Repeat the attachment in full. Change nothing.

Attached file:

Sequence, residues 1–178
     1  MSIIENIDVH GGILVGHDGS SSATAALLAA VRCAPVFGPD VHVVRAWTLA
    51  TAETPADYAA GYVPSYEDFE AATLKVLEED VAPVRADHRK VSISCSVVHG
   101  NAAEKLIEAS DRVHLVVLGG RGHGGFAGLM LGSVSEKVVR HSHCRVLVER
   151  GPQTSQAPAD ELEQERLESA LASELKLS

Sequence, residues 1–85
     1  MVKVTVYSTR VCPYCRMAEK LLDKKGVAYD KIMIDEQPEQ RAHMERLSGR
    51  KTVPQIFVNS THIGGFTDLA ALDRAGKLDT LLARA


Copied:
Sequence, residues 1–178
     1  MSIIENIDVH GGILVGHDGS SSATAALLAA VRCAPVFGPD VHVVRAWTLA
    51  TAETPADYAA GYVPSYEDFE AATLKVLEED VAPVRADHRK VSISCSVVHG
   101  NAAEKLIEAS DRVHLVVLGG RGHGGFAGLM LGSVSEKVVR HSHCRVLVER
   151  GPQTSQAPAD ELEQERLESA LASELKLS

Sequence, residues 1–85
     1  MVKVTVYSTR VCPYCRMAEK LLDKKGVAYD KIMIDEQPEQ RAHMERLSGR
    51  KTVPQIFVNS THIGGFTDLA ALDRAGKLDT LLARA